I was 25. I had been living on my own for about a year. And my social life was anything but bustling. “Going out” typically meant drinking beers and eating fancy pizza with my friend Andrea whom I had done theater with in high school.
Andrea mentioned to me that our high school theater teacher who was a huge mentor for me, was putting on a play in Manhattan and she was going to get tickets. She asked if I wanted to go. I readily agreed.
As we took the elevator the 4th floor of a sliver of a building just off Broadway, and walked down a narrow hallway past a meeting of some very large, bearded, individuals meeting for a support group, I wondered if this was indeed the best use of our time.
The play went well and afterwards my mentor told me had a small part in a play for me.
Seeing as I was not an actor and hadn’t been in a play since I was 17 and was now an “adult” with a full time job and my own apartment, I was a bit surprised and not really sure I should be in a play. But on second thought I really had nothing else going on in my life, so why the hell not?
As it turns out there was a part for Andrea as well
It wasn’t really difficult acting that I was required to do. I had a handful of lines and basically my role was to run around the stage and portray the life of an 8 year old who was up to mischief in the woods.
A tony deserving performance it was not.
The show only went up for two nights and it was sparsely attended. And it made me realize a couple of things.
The first was that I find acting to be extremely boring! The performing part of it is fun and something I enjoy, but the sitting still in rehearsals, not talking, having to stay in one place while things get set up around you, oh man was that boring. It was about the worst thing in the world for my ADD.
But after the show was over I realized something else. I too could write a short play that not many people come to see!
So that’s what I did. While waiting for my turn to speak at a job function I was attending, I wrote 3 pages of dialogue in red pen on the back of my notes. Those pages became the foundation of dialogue of my first play; Disengaged.
I convinced Andrea this was something we should do and she agreed, or maybe I just hung up on her before she could disagree.
Either way she was in.
I wrote a companion piece, we booked a theater, and put on our first show. It was one of the most incredible experiences watching the words I wrote come out of other people’s mouths and see an audience react to them.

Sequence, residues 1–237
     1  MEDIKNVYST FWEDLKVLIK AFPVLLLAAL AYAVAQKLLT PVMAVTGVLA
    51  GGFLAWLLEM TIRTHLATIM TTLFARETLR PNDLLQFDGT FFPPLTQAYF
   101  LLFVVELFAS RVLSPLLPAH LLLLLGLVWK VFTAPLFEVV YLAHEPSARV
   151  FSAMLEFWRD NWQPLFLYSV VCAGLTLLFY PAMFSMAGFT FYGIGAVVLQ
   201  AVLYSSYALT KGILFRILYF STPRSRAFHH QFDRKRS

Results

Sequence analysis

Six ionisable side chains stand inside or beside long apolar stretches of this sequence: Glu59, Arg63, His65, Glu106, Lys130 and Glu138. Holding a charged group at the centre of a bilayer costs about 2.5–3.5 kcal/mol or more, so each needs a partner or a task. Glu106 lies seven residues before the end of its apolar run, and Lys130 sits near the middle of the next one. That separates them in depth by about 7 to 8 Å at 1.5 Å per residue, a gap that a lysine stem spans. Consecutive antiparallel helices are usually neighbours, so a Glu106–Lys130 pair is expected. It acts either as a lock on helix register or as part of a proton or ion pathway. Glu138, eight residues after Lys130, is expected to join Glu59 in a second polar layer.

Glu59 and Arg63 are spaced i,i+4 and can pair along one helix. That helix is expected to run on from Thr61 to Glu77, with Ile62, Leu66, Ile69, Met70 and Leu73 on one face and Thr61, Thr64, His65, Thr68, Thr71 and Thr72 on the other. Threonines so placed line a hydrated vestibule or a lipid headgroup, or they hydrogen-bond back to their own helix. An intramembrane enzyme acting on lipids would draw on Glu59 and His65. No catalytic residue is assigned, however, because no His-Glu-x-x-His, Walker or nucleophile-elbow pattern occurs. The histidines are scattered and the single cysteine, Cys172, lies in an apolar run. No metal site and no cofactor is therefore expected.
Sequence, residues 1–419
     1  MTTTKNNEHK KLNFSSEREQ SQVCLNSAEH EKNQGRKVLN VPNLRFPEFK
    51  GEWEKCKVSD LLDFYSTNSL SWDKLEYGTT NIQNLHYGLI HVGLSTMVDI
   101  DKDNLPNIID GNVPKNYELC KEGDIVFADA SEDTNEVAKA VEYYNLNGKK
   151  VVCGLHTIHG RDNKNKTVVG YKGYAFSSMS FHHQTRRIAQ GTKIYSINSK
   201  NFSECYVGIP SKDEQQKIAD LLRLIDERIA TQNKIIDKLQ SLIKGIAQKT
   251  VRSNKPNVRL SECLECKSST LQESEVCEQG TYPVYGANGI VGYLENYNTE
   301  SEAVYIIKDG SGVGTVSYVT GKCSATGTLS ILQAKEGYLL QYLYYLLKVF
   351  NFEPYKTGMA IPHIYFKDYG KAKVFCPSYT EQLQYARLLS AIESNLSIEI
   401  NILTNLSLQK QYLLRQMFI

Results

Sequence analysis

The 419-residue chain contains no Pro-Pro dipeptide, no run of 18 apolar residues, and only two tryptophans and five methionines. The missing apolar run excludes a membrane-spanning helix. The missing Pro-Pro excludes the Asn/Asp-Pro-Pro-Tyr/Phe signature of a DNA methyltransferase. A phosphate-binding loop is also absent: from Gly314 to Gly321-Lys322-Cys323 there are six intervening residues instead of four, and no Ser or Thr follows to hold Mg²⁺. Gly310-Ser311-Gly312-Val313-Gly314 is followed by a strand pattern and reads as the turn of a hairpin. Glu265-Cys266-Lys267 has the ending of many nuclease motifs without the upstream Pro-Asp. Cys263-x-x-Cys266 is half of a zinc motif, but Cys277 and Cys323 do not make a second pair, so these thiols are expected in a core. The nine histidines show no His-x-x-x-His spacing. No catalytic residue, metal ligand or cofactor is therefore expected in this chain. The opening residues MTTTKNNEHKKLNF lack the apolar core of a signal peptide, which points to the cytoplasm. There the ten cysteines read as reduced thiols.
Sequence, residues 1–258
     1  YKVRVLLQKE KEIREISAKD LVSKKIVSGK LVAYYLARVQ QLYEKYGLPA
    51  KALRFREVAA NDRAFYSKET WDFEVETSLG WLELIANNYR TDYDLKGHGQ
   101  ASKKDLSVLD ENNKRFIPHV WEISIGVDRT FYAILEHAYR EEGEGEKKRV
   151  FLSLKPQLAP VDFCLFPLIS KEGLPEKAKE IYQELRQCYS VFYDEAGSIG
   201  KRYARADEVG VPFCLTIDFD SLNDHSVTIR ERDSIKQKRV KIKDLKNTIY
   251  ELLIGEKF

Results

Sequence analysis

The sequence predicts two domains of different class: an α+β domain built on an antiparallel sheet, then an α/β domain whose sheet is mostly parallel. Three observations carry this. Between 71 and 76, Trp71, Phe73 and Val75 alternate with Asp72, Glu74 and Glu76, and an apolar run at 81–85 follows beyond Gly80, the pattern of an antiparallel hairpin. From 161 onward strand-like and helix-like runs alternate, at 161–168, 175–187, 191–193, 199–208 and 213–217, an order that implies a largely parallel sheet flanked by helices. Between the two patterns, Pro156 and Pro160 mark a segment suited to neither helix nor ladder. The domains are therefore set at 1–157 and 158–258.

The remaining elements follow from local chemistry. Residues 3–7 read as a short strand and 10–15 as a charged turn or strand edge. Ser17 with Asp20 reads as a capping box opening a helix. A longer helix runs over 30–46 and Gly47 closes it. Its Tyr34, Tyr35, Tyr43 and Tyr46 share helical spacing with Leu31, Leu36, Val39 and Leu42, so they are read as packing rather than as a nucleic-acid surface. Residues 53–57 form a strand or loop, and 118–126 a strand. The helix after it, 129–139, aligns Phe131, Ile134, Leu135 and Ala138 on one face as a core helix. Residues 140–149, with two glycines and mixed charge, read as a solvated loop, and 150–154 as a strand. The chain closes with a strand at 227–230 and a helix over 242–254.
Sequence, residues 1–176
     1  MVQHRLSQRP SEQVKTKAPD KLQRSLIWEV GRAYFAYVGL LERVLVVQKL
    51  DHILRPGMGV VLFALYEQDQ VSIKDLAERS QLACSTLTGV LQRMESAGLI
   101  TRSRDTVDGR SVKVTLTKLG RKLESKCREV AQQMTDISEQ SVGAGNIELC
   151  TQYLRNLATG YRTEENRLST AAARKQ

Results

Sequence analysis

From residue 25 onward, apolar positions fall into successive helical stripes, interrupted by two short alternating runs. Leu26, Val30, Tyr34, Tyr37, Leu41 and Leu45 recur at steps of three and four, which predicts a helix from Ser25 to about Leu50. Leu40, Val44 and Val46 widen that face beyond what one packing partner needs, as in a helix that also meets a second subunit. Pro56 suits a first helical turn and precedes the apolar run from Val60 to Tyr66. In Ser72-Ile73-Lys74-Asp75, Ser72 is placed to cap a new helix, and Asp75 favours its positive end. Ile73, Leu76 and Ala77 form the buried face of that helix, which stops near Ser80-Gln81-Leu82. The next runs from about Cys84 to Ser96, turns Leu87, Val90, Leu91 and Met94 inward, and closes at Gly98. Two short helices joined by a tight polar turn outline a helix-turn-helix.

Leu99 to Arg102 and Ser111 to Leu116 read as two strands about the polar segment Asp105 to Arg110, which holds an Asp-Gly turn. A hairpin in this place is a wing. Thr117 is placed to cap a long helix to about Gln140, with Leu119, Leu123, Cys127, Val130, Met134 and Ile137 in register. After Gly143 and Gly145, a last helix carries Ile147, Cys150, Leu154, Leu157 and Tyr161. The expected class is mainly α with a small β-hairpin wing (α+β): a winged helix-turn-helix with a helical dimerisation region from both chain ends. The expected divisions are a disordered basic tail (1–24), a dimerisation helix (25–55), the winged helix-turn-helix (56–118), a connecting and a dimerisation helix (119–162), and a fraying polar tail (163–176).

I was immediately hooked.
I took a couple of weeks off after the show but I started writing again, and nine months later we mounted our second show Safety and Desire.
It was different than anything I had ever done before in that it was more grounded in real life conversations and there was poetry in it, my own.
We actually oversold the show and by all accounts it was a great success. But afterwards I felt like something was missing.
And the more I thought about it, I realized it was because it went so quickly. I had spent months working on the script. And then more months planning, looking for theaters, casting, marketing and countless hours with Andrea discussing every minute aspect of the show.
And then for six weeks we rehearsed. Nearly every single day we spent several hours with the actors running lines, blocking scenes, and getting ready to put this thing on. I was still bartending at the time too.
So I would work from 9 to 5, then go to rehearsal from 6 to 10, and then rehearse all weekend and then bartend on Sundays from 4 to 10.
And for as crazy bone tired as that made me, I never didn’t want to do it. I was in love with it the whole time. Sure I had no time to do anything else and kept running out of clean underwear and cutlery, but it was worth it.
So when both performances of the show were over it felt kind of like… that’s it? I wanted more. I didn’t feel purged of the show. I felt like I wanted it to go on longer, to share it with more people, and prolong its life.
And I think a part of me was also hoping for the show to save me. I don’t know how that would have happened or what it would have meant. But I think I just was expecting some kind of reaction or response or something more significant.
So I made a promise to myself, the next time I did a show it would be for longer.
Well guess what… that time is here!
My next play is coming December 7th – 10th in Manhattan! So if you are going to be even close to the area I’d love to see you there. It’s called Ripped at the Seems and you can buy tickets at www.ripped.eventbrite.com.
It’s a show about a lot of things, but more than anything it’s about the things we think but never say. It’s about the conversations that Andrea and I have after rehearsals or when we’ve had too much wine (which isn’t an infrequent occurrence).
I am so excited to put this show on for twice as many nights as any show I’ve done but I’m also excited because I’ve made another promise to myself.
And that promise is that this show won’t save me. Whatever hopes and dreams I have for after the show, I’ve let go of.
Well, almost let go of. I’m close. Really close.
But the goal is just to enjoy the process, because it’s all process. We all spend too much time on this for it to be just about what happens during 4 days in December. I have made a commitment to just love every minute of this.
And hopefully it shows.
Until then, enjoy the trailer!